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Today, for our keen individual who inspires and surprises, we pay tribute to Ronnie Moore who was buried on Friday. One of the great three Cantabrians from Speedway’s glory days. Quote.

Moore was born in Hobart, Tasmania in 1933. He moved with his family to New Zealand when he was still a child, and although he was born in Australia, Moore always considered himself to be a New Zealander and always rode under the flag of his adopted home.

Moore began riding at the Aranui Speedway in Christchurch, New Zealand in 1949 at the age of 15. He moved to England and rode for the Wimbledon Dons from 1950 to 1956. In 1957 and 1958 he switched his attention to motor racing, but returned to ride for the Dons in late 1958 and stayed with them until 1963 when he decided to retire from racing after breaking his leg in a track crash. He began riding again in New Zealand in the mid-1960s and made a comeback with Wimbledon in 1969 and reached the World Final at the age of 36. In 1970 he won the World Pairs Championship with Ivan Mauger. He retired from racing in the British League at the end of 1972, apart from a couple of meetings for Coventry Bees in August 1974, but continued riding speedway until 1975 when he suffered severe head injuries in a crash at Jerilderie Park Speedway in New South Wales.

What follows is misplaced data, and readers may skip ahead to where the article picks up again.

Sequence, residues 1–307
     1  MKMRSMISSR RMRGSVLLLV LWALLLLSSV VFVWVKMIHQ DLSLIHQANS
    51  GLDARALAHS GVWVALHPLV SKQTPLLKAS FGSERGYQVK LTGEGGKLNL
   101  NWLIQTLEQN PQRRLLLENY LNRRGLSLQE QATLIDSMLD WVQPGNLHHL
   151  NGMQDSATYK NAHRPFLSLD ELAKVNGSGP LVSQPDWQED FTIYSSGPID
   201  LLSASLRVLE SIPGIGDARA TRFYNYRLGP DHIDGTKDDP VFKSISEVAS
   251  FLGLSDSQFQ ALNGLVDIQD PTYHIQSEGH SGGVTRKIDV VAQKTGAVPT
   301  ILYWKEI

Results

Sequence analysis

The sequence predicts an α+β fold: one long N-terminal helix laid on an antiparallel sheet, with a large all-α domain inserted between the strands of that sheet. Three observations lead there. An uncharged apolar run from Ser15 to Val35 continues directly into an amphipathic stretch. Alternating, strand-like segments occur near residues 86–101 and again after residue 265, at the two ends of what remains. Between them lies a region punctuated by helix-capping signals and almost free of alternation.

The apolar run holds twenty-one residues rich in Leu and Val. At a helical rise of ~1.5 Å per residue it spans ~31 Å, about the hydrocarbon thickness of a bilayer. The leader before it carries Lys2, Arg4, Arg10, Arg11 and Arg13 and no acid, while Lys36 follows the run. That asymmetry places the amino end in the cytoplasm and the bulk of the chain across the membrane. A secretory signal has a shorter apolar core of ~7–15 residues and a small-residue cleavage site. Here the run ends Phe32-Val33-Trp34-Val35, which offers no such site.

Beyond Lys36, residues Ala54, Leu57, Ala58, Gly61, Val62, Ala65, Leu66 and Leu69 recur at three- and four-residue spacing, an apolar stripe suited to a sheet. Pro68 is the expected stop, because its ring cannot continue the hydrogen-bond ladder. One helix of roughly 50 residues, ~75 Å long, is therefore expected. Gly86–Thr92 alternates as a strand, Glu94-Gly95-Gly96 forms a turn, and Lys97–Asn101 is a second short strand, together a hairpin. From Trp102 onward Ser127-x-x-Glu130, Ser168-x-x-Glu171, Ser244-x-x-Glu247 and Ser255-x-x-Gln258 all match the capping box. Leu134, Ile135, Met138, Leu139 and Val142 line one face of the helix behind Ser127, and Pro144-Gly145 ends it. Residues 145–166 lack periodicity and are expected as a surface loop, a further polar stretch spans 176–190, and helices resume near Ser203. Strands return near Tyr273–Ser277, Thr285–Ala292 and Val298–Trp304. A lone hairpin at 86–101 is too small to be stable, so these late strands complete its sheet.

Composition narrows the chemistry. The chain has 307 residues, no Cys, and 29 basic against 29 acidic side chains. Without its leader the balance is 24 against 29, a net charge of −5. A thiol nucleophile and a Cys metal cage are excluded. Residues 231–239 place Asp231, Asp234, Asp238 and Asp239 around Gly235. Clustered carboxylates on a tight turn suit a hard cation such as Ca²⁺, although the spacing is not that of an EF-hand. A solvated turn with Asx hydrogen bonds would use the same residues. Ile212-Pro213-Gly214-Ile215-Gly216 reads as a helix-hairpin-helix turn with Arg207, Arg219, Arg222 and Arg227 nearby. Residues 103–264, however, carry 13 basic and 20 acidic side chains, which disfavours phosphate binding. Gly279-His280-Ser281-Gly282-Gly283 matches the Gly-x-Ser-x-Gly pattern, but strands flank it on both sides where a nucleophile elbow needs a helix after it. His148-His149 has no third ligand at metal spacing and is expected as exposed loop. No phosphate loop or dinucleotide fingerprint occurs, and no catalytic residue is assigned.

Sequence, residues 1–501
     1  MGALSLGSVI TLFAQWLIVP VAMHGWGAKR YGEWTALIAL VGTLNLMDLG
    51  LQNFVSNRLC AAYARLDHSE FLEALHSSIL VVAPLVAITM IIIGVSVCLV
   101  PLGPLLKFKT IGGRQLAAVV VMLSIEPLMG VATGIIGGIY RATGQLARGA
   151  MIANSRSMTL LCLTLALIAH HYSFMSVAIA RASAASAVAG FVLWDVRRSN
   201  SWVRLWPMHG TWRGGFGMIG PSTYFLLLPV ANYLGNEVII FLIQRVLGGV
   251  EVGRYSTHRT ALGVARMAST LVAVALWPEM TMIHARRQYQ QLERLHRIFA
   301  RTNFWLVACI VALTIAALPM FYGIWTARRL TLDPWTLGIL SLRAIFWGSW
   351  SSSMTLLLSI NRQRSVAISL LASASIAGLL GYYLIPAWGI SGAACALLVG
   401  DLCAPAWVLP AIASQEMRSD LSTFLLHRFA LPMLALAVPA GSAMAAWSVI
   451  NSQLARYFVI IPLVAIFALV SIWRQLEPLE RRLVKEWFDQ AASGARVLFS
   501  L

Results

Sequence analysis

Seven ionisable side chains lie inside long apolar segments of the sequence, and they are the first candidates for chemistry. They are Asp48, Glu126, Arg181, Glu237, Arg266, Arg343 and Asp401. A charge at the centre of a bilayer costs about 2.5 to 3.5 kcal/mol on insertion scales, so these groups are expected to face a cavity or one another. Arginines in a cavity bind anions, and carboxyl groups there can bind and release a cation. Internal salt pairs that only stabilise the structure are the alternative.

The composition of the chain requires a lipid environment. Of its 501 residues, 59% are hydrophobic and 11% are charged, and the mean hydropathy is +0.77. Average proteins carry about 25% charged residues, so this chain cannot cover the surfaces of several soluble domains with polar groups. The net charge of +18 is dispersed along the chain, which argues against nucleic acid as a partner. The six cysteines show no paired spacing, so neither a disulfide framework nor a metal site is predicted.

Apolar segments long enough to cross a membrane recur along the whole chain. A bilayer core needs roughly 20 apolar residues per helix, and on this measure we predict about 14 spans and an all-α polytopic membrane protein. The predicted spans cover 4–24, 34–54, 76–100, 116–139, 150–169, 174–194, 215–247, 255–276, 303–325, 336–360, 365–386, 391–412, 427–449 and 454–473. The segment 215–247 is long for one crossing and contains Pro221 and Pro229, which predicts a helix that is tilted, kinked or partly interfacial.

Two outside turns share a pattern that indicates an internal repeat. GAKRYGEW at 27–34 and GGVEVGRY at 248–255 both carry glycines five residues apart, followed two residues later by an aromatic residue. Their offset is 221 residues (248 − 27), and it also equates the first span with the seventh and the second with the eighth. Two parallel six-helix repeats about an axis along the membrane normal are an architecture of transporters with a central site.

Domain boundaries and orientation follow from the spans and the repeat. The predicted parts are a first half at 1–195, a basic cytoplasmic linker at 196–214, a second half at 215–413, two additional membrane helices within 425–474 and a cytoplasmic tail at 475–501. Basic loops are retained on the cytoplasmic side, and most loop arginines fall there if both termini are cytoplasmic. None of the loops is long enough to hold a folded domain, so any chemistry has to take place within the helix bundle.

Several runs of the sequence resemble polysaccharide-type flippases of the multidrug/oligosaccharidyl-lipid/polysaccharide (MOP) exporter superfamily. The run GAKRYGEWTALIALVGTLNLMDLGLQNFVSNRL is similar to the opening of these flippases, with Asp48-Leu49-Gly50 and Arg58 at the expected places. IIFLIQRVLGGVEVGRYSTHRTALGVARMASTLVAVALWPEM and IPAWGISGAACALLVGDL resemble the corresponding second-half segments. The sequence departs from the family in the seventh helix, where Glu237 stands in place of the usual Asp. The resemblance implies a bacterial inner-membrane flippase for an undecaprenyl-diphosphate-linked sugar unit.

Moore won the New Zealand Championship in 1956, 1962, 1968 and 1969.

In 1950 at the age of 17, Moore was the youngest rider ever to qualify for the final of the Speedway World Championship. He won the championship in 1954 [youngest winner] and again in 1959. He also finished runner up on three further occasions. His first win was all the more notable given the facts that he was still only 21 years of age, that he was riding with a broken leg and that he won with a maximum score. End of quote.

Ronnie Moore (L), Ivan Mauger and Barry Briggs

Ronnie Moore was a true icon of his era – a Boy Wonder who took speedway by storm as a 17-year old, reaching the first of his 14 World Finals on his debut season in the 1950 top-flight National League. An?inspiration to every young Kiwi, including multi World champions Barry Briggs and Ivan Mauger who both believed he was the most naturally talented rider they had ever seen.?Moore, Briggs and the late Ivan Mauger, who died in April, – won 12 world titles between them from Moore’s first in 1954 and Mauger’s last in 1979.

The Canterbury Park Motorcycle Speedway was renamed the Moore Park Motorcycle Speedway in his honour and the Ronnie Moore race school operates out of the speedway.